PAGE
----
A “Convenience Class” of Celsius creditors will receive a “one-time distribution of liquid crypto” paid in form of Bitcoin, Ether, and USD Coin.
Creditors of Celsius Network, the bankrupt cryptocurrency lending platform, may get their assets back after all… with caveats.
Celsius’ Official Committee of Unsecured Creditors (UCC) has issued an announcement via Twitter.
“1— Last night Celsius (with UCC support) selected NovaWulf to sponsor a reorganization plan that will distribute liquid crypto to all account holders, as well as create a litigation trust and provide creditors with common equity in a NewCo holding illiquid assets like mining.”
UCC also shared highlights of the proposed plan.
While some creditors were relieved that actions were being taken to save any of their funds, others pointed out the retail clawbacks, the questionable creation of a “convenience class” of creditors, and their being forced to invest in some doubtful “NewCo” instead of getting their crypto back.
A retail clawback is a term used in the context of initial public offerings (IPOs) and refers to a situation where underwriters of an IPO demand that some or all of the shares allocated to retail investors be returned or “clawed back.”
In an IPO, shares are typically allocated to institutional investors, such as banks and hedge funds, as well as to retail investors, who are individual investors. In the event that there is more demand from retail investors than the number of shares available to them, underwriters may allocate a larger number of shares to retail investors than they actually have available, with the expectation that some of those shares will be returned or clawed back later.
The underwriters can demand the return of the shares from the retail investors if the underwriters are not able to sell all the shares allocated to institutional investors. This can happen, for example, if the demand for the shares is lower than expected, causing the price of the shares to fall.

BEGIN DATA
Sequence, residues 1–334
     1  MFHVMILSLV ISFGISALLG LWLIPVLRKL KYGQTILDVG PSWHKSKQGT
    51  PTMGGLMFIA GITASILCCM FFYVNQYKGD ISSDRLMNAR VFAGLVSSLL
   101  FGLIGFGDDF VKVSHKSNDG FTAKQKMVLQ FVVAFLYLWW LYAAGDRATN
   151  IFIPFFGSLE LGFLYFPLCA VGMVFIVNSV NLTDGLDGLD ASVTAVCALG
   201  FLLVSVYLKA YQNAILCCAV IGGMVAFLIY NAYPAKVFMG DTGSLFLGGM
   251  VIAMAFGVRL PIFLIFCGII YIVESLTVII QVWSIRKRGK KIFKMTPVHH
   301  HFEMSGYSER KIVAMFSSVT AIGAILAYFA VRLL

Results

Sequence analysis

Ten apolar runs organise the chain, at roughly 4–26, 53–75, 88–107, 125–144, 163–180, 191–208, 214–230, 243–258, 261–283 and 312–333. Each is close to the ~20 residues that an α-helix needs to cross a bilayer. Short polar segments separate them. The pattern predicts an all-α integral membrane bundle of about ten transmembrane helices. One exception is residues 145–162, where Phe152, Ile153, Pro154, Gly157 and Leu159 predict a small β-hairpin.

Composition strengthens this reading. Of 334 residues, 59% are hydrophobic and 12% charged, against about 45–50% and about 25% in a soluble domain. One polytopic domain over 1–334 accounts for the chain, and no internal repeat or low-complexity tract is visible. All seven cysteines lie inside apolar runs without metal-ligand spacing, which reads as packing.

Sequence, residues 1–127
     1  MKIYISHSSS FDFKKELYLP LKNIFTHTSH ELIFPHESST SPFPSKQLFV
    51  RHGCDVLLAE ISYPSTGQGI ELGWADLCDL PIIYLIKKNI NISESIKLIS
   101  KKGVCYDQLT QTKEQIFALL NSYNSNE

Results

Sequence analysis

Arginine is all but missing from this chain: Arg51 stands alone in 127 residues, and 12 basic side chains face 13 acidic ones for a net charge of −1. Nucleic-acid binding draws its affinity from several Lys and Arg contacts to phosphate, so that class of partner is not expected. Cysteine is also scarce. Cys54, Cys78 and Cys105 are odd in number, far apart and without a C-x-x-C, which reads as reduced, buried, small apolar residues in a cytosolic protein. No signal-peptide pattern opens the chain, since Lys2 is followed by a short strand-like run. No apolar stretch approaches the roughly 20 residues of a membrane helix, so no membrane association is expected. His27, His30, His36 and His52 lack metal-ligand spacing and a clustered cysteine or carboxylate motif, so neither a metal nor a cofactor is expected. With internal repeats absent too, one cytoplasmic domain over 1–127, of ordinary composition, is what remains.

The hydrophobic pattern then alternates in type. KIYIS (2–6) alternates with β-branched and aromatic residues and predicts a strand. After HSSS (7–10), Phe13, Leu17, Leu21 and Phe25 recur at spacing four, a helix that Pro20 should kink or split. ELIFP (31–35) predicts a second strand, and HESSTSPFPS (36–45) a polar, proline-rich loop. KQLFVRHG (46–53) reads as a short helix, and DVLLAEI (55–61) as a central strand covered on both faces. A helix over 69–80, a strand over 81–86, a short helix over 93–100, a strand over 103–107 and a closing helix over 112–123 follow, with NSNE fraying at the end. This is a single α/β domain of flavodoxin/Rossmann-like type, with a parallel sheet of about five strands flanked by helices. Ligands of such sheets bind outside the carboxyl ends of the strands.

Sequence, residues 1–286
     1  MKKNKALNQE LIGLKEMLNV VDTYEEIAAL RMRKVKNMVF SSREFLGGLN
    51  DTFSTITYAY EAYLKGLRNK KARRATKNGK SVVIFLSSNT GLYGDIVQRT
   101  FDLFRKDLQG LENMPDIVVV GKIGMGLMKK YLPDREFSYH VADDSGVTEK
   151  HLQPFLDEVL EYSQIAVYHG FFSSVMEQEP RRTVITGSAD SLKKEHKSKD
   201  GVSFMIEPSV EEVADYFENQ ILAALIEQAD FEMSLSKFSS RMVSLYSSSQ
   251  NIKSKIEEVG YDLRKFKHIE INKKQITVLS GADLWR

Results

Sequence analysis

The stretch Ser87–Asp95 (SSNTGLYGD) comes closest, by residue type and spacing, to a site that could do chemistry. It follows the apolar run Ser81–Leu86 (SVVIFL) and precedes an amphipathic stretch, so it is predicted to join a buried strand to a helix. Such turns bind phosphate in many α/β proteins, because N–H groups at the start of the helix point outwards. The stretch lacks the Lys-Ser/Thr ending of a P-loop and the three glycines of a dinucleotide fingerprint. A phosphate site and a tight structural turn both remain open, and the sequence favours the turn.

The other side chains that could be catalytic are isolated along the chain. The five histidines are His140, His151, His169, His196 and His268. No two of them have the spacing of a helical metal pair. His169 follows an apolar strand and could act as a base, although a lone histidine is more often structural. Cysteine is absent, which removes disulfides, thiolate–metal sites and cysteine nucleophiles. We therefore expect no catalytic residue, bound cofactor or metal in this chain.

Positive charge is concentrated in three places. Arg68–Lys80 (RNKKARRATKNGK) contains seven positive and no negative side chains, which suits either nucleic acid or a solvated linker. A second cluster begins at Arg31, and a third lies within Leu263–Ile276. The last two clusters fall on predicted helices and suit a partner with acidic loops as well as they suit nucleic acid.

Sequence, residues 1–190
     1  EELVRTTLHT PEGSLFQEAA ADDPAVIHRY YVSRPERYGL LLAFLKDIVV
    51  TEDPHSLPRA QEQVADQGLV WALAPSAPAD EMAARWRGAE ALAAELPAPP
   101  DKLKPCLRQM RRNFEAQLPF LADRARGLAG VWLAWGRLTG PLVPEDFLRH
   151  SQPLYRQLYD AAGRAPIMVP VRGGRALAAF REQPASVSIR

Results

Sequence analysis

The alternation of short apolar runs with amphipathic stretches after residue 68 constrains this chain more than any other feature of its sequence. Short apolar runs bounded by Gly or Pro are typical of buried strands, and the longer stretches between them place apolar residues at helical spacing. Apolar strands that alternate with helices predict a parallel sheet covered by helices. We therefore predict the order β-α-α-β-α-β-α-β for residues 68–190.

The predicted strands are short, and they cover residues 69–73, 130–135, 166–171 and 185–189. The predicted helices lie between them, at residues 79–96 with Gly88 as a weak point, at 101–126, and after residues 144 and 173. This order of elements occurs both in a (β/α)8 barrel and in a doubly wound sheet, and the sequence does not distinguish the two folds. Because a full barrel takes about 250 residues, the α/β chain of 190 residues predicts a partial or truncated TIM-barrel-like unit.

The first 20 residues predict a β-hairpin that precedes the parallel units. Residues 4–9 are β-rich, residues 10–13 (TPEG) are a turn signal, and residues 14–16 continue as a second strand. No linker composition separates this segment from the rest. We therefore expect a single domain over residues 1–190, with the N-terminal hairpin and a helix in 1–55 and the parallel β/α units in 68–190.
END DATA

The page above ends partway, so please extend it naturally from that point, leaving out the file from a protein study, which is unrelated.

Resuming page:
In the event of “NewCo” Celsius restructuring and offering crypto assets management services again, the likelihood of its unpopularity amongst customers and investors not tied by credit Celsius owes them is extremely high. Meaning, the likelihood that creditors-turned-investors will be ripped off once again is also much anticipated.
Founder Alex Mashinsky, a now-disgraced entrepreneur, will not be involved in any further life “NewCo” Celsius may have.
Celsius Network advertised itself as a Robinhood, with an aim to disrupt the traditional banking industry by providing financial services that are more accessible and affordable than those offered by traditional banks. At the height of its popularity, Celsius managed over $20 billion in assets and had around 1.7 million users.
The firm allowed users to earn interest on their crypto assets, borrow against their cryptocurrency holdings, and buy and sell cryptocurrencies. The firm became popular because it offered high-interest rates and low fees.
What went wrong? In May 2022, Celsius had $8 billion lent out to users, while managing $12 billion in assets. Only a month later, the company abruptly froze all account activity, citing steep declines in prices on the cryptocurrency market. Another month later, on July 13, Celsius filed for Chapter 11 bankruptcy.
In a lawsuit filed against Mashinsky, New York judge Martin Glenn ruled out that under the terms of the company’s lengthy contracts, clients’ cryptocurrency assets became Celsius’s property.
Following the proposed plan, it is estimated that over 85% of Celsius creditors will recover 70% of their deposited crypto. Earn creditors with a balance over $5,000 can elect to reduce their claim to $5,000 to participate in the “convenience class”. “Robinhood” Celsius shows once again the risks of trying to benefit from cryptocurrency while lacking enough knowledge to do so without a centralized party.